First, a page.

Social media are exploding in parts of Southeast Asia — a trend being hailed by some democracy advocates as a helpful tool for promoting more open government.
“We were the first political party to make use of Twitter in 2008,” says Chee Siok Chin, one of the leaders of the opposition Singapore Democratic Party. “We have also been uploading our videos on YouTube, spreading our message via Facebook.”
Driven by declining prices for computers, cell phones and access fees, the use of social media such as Twitter and Facebook has seen spectacular growth in Indonesia and the Philippines, although it's still used by only a fraction of the population.
Social networking also is catching on in some of the more closed nations. More than a fifth of Malaysians now use Facebook, and tiny Singapore accounts for nearly 1 percent of all Twitter users worldwide.
While most people use social media primarily for entertainment and networking, political and social activists have begun to harness its power. Internet access has transformed coverage of events in Myanmar, which is ruled by an iron-fisted military junta. Hundreds of young people used Internet blogs to share news with the world about the Saffron Revolution, which began in late August 2007 when Buddhist monks, students and others took to the streets in peaceful protests and ended a month later with the military's brutal crackdown, according to Kyaw Yin Hlaing, a professor at City University of Hong Kong.
“Thanks to these young activists, the international media came to realize the gravity of the situation in Myanmar,” wrote Hlaing.
In Malaysia, the Internet strengthened the democratic opposition in 2007, according to James Chin and Wong Chin Huat of Monash University in Malaysia. “Mushrooming political web blogs … together with a handful of online news portals, were providing an alternative to the tightly controlled mainstream print and broadcast media,” they wrote. By exposing the ruling party's “misdeeds and corruption,” bloggers and online news outlets helped drive the middle class and sections of the working class “toward a major change in attitudes and voting behavior.” A series of unprecedented street protests took place, and in the 2008 election the ruling party lost its historic two-thirds parliamentary majority.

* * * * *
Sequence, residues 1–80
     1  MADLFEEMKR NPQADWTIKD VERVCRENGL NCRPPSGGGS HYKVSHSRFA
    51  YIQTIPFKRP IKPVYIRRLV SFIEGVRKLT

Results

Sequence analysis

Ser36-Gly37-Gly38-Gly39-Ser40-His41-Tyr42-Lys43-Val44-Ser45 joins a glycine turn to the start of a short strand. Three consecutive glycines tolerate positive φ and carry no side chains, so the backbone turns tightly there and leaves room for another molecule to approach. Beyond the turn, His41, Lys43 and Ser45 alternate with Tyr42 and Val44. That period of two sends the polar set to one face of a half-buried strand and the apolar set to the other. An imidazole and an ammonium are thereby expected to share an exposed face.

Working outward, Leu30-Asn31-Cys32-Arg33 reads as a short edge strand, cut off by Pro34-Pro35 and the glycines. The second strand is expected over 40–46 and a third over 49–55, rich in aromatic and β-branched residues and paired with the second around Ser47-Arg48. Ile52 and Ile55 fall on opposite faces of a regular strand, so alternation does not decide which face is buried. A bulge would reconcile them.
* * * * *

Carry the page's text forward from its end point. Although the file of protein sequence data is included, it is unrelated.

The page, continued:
Technology also helped the anti-government demonstrators in Thailand in April and May, drawn mostly from the rural and urban poor. “In the past they were upset, but they weren't cohesive as a force and coherent in their agenda,” said Thitinan Pongsudhirak, a leading political scientist in Thailand and visiting scholar at Stanford University. “New technologies have enabled them to unify their disparate voices of dissatisfaction.”
But social networking also has significant limits as a democratizing force. First of all, says Preetam Rai, an educator and technology researcher based in Southeast Asia, online activists' reach is limited, especially in countries where Internet penetration is low. And most people use the Internet for entertainment or socializing. “People get interested in serious issues when certain incidents happen, like the Burmese protests in 2007 or the current Thai situation,” says Preetam, “but they go back to their regular online consumption pattern when the situation is normal.”
Mong Palatino — a Filipino blogger, youth activist and member of parliament — participated in a student uprising that helped to topple the corrupt Estrada regime in 2001. “We sent rally updates through e-mail and e-groups,” he recalls. “For the first time, texting became an important tool in organizing protest activities.”
But Palatino warned in his blog earlier this year that “cyber-activism becomes a potent force only if it is fused with grassroots activism.” Unfortunately, he said, too many young people are seduced into thinking that signing an online petition or adding a cause to Facebook is enough, and in that sense, cyber-activism can actually be counterproductive by keeping young people from becoming active in the real world.
“Activism in the 21st century features new action words like texting, re-tweeting, clicking, chatting and social networking,” blogged Palatino. “But 20th-century action words are still more persuasive and powerful — like talking, organizing, marching, pushing and rallying.”
— Barbara Mantel